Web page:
The unemployment rate decelerated to 3.83 percent last month, falling by 0.16 percentage points from 3.99 percent in August, as more first-time jobseekers found positions and fewer people lost work due to business closures or downsizing, the Directorate-General of Budget, Accounting and Statistics (DGBAS) said yesterday.
The reading after seasonal adjustments stood at 3.78 percent, down 0.05 percentage points from one month earlier, affirming an easing in finding jobs, the agency’s monthly report showed.
“The data suggest that the market is improving, although the negative effects of the COVID-19 pandemic lingers,” DGBAS Deputy Director Chen Hui-hsin (陳惠欣) said, adding that the workforce is fewer by 30,000 people compared with the pre-pandemic level.
Photo: Ann Wang, Reuters
The improvement came in line with seasonality at this time of the year, when most college graduates have landed jobs and summer part-timers have gone back to school, Chen said.
The jobless population might further shrink this month and toward the end of the year, supported by the seasonality effect, she said.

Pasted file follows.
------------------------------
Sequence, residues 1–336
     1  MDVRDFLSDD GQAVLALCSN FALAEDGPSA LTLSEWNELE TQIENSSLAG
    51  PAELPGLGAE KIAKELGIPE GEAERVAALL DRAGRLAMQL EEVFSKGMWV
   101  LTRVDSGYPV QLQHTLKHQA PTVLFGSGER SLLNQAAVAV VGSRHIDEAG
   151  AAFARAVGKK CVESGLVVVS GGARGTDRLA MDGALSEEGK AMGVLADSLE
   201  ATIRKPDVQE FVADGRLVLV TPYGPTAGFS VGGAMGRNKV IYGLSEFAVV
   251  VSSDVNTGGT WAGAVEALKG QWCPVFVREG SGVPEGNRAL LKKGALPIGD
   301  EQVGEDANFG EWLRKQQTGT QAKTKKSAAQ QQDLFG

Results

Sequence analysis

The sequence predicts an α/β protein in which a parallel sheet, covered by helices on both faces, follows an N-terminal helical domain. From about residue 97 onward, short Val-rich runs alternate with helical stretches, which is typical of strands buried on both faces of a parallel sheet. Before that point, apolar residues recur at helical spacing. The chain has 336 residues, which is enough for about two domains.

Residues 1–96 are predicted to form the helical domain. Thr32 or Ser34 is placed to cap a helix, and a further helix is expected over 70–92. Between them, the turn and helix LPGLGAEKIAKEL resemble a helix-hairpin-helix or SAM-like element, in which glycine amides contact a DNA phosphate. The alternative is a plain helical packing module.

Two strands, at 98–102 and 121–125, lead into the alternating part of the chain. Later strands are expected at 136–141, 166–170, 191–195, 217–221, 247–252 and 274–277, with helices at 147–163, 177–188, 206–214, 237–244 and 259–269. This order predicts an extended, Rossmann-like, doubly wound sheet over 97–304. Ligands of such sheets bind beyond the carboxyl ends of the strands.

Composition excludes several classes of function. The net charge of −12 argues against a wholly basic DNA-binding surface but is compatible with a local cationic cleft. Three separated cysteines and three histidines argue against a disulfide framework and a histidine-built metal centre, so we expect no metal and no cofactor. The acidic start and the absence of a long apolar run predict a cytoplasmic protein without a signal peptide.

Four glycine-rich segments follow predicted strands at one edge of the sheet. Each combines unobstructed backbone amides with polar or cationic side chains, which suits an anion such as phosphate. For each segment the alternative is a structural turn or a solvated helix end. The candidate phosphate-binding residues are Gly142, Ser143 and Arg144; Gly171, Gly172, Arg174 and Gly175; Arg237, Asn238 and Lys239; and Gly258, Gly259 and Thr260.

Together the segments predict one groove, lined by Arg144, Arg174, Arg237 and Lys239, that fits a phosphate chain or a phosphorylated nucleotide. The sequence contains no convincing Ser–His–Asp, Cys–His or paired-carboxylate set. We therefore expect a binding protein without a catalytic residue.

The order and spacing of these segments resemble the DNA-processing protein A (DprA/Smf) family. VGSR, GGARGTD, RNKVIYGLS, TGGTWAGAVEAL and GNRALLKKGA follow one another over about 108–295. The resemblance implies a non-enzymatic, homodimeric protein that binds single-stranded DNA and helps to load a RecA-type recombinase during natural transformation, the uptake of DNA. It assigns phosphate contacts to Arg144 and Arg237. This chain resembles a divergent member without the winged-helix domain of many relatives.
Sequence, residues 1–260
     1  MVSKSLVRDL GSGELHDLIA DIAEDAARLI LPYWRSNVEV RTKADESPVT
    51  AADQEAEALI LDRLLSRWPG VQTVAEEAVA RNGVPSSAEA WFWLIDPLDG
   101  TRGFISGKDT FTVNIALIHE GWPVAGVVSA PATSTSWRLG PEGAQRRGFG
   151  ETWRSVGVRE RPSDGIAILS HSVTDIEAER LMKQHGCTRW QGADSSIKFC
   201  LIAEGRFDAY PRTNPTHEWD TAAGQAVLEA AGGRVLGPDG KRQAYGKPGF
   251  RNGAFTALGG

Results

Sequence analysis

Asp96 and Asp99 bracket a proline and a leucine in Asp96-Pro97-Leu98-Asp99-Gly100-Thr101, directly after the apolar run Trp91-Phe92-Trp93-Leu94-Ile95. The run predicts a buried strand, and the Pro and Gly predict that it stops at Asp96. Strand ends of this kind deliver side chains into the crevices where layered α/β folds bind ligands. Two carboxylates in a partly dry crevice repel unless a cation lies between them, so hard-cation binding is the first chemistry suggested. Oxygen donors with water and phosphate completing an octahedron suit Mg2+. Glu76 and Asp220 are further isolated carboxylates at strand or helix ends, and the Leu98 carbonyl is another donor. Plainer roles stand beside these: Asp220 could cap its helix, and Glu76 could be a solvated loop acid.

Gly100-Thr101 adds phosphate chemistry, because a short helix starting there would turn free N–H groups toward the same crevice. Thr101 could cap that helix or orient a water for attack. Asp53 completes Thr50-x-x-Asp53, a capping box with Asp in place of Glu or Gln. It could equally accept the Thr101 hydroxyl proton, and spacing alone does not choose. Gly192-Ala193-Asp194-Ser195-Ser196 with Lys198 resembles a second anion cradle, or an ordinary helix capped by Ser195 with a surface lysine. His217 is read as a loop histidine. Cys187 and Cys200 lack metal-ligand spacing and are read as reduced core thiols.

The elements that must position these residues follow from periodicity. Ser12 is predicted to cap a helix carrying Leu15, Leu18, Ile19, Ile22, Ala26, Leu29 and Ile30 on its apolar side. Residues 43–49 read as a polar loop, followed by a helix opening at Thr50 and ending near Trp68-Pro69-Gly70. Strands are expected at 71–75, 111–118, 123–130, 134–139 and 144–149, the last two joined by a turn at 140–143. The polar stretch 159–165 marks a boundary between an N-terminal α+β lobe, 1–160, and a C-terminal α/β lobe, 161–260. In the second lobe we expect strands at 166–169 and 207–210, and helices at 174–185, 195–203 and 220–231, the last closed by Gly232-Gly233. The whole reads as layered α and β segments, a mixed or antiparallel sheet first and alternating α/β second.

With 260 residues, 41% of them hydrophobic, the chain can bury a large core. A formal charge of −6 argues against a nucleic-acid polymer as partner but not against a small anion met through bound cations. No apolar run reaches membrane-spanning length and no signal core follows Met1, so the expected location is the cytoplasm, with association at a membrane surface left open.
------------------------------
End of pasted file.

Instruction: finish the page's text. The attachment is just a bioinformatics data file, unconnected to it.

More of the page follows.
The fourth quarter is the high season for manufacturing and service sectors, which might expand their headcount to meet growing business demand, Chen said.
However, spiking virus infections around the world continue to pose a threat and it is difficult to predict how the public health crisis would pan out, she said.
The unemployed population dropped by 20,000 from August to 458,000 last month, as people who lost jobs due to business downsizing or closures decreased by 8,000, the DGBAS said.
The number of people who quit fell by 5,000, as did the number of first-time jobseekers, it said.
The unemployed period stretched by seven more days to 22.2 weeks, as it took first-time jobseekers 19.8 weeks to land positions and others spent 23 weeks finding work, the DGBAS said.
The number of people who are unemployed for more than a year increased by 1,000 to 53,000, it said.
A breakdown by education showed that university graduates had the highest unemployment rate at 5.62 percent, followed by high-school graduates at 3.44 percent and graduate degree holders at 3.15 percent, the agency’s report showed.
People aged 20 to 24 had the highest unemployment rate at 12.38 percent, followed by those aged 15 to 19 at 8.15 percent; 25 to 29 at 6.36 percent; and 30 to 34 at 3.71 percent, the report showed.
Taiwan’s unemployment rate was higher than South Korea’s 3.6 percent and Japan’s 3 percent, but lower than Hong Kong’s 6.7 percent, it said.
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